Hold-up on human rights

Photo credit: UNICEF
 
Bangladesh, upon the Millenium Development Goals, has shown improvements in a number of areas. The 2012 report states that the country has already met some of the goals including a reduced poverty gap ratio, better gender parity at primary and secondary education and a reduction in the mortality rate of children under five.
 
Despite the constant political drama, the country can celebrate the progress. What is still alarming, however, is how a large majority of the physically and mentally impaired children remains out of the schooling system, access to safe water is still restricted especially for the very poor and, mostly, the number of the homeless youth.
 
NGOs operating in Bangladesh agree that there has been little change if not a deterioration in the situation of the street children situation and services provided for them.
 
The street dwellers are still widely excluded from educational opportunities; their economic circumstance force them to engage in high risked and unregulated occupations where they are exploited and ‘owned’ by their employers. But worst of all they fall victim to the horrors of sexual exploitation, human trafficking and drug abuse. The situation is clearly urgent and must be addressed immediately, yet the sentiments of leaders are unsynced.  
 
Attempting to be one of the rising cities in Asia, it is of course the priority of the government to compete economically; inequality however is largely due to this isolated aspiration which leaves large chunks of the country impoverished, desperate to crawl past the poverty line.  
 
The responsibility neglected by the 'Powers That Be' means Bangladesh, for most of the 90s and early 00s, became a hot bed for NGOs, all scouring the land to be assist those in need yet the improvement has painfully slow. Why is that? Amongst many, the key reason is the restrictions placed on NGOs by the government.
 
From 2012 onwards the government have been actively restricting NGOs who “engaged in publicly criticising the government”, in other terms, human rights organisations who deal with the obvious lack or absence of government support for it's own people.
 
A large number of NGOs who saw pockets of destitute communities have not been able to access them. Human Rights Watch noted in 2012 that:
 
NGOs operating in Bangladesh already face an overly cumbersome and intrusive regulatory process, including needing multiple approvals to register and to implement projects.  NGOs operating in Bangladesh have to clear what the International Centre for Non-Profit Law (ICNL) describes as a process “complicated by delays and hurdles,” including non-transparency in authorization of registration by the Home Ministry, the police, or the National Security Intelligence.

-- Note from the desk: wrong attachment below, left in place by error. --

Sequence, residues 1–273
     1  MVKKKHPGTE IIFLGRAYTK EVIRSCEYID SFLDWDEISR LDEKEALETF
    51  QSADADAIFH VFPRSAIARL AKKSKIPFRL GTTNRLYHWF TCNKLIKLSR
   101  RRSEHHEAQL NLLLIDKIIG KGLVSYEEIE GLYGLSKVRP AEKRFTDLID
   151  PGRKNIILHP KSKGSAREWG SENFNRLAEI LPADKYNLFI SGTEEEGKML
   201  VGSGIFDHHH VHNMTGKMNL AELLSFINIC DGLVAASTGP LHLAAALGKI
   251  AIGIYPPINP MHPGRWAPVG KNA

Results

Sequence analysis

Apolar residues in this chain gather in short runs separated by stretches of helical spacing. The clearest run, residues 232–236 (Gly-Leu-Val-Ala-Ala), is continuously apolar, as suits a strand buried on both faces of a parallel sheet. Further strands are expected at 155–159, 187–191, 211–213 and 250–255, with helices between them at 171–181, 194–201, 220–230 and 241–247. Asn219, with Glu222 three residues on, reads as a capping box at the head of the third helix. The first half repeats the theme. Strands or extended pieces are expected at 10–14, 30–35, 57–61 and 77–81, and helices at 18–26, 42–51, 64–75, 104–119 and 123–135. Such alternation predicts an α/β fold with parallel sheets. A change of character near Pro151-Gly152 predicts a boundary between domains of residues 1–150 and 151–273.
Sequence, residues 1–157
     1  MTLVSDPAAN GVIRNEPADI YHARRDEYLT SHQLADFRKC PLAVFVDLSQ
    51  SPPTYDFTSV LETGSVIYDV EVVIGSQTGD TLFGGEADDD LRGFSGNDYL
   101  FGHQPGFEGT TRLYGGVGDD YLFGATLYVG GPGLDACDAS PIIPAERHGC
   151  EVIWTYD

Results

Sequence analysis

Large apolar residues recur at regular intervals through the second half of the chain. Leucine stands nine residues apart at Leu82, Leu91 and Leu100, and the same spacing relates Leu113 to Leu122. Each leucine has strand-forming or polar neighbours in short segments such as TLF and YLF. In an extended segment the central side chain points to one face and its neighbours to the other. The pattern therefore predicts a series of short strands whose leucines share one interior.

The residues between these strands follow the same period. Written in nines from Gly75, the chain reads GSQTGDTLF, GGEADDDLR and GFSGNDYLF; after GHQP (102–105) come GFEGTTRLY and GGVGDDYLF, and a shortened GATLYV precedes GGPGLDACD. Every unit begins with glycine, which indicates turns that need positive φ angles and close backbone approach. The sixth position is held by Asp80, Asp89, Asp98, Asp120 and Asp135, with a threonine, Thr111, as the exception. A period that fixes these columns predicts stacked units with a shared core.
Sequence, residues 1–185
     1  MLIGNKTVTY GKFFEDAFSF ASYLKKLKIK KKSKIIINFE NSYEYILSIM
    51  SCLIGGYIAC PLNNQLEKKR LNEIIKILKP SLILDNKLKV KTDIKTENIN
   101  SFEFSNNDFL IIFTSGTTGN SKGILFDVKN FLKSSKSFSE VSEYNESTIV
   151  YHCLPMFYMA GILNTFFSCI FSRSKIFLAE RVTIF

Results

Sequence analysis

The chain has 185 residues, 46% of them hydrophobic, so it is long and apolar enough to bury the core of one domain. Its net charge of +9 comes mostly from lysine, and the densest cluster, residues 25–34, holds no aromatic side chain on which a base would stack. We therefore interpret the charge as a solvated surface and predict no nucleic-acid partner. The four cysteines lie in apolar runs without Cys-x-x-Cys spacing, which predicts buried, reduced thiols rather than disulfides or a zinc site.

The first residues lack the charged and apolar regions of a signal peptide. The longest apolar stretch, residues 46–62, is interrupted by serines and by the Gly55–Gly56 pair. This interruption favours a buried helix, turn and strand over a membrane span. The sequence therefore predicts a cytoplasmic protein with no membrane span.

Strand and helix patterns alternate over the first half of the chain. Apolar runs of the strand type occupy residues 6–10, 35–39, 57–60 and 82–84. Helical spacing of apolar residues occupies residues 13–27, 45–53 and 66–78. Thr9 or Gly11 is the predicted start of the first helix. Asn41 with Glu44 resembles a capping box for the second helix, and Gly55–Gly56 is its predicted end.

NGOs operating in Bangladesh report long delays and arbitrary refusals at various stages of the approvals process. The NGO Affairs Bureau in the Prime Minister’s office often simply rejects requests for registration or project proposals on arbitrary grounds, at times for apparently political reasons.
 
Incidents such as this are not unusual. This is still a reflection of the current situation.
 
Restless Beings got in touch with a number of local organisations who work with the street youth to understand if they felt this was true for them. We met Mr Azad from Street Children's- Partner Bangladesh-Maer Achol Shelter, they provide a shelter in Dhaka that houses and helps children, successfully giving them educational and life skills opportunities since 2001. Despite their current success, the obstacles they faced t get there are shocking. Mr Azad told us that:
 
“[...] local and national political leaders frequently [...] extorted us. On many occasions local people filed fake cases and police raided our premises with allegations of child trafficking, especially girls.
 
Our French ambassador personally visited the locality with packs of sweets and personal gifts and tried to mitigate the matters but till [this] date we are facing all these problems.” 
 
A few larger organisations who wish to remain anonymous told us that such malpractice would only be exposed and abolished if critics collectively pressure the government.
 
Restless Beings have been operating for just under 6 years. In that time, the Bangladesh Street Kids project has remained our flagship cause. The project was initially set up because our directors witnessed first-hand the ill-treatment of the homeless youth in Dhaka, ranging from physical abuse to solvent abuse, prostitution and forced labour. 
 
Despite our clear intentions since the inception of Restless Beings, the matter seems trivial in the eyes of the govenrment who have left our NGO status pending. We have shown the utmost transparency and patience when dealing with documents and beaurocracies but were met with the audacity of some to ask for 'incntives' to speed the process along.  
 
Like many of the organisations fighting for the weak, Restless Beings has no intention of wavering in the challenge of expanding into the Restless Beings Village. Restless Beings' aim to obtain the NGO status will continue. 
 
To all the donors, sponsors and supporters, our gratitude will never wain. Your unending support for the project will ensure the future of the street children is brighter and hopeful. 
 
The Village will ensure that the children housed will be in safe and comfortable accommodation, have access to a school providing basic primary and secondary education, a playground area, a fishery where children can breed fish to sell to the local markets as well as counselling services. 
 
Your donation and awareness is still so crucial. 
 
So what can you do?

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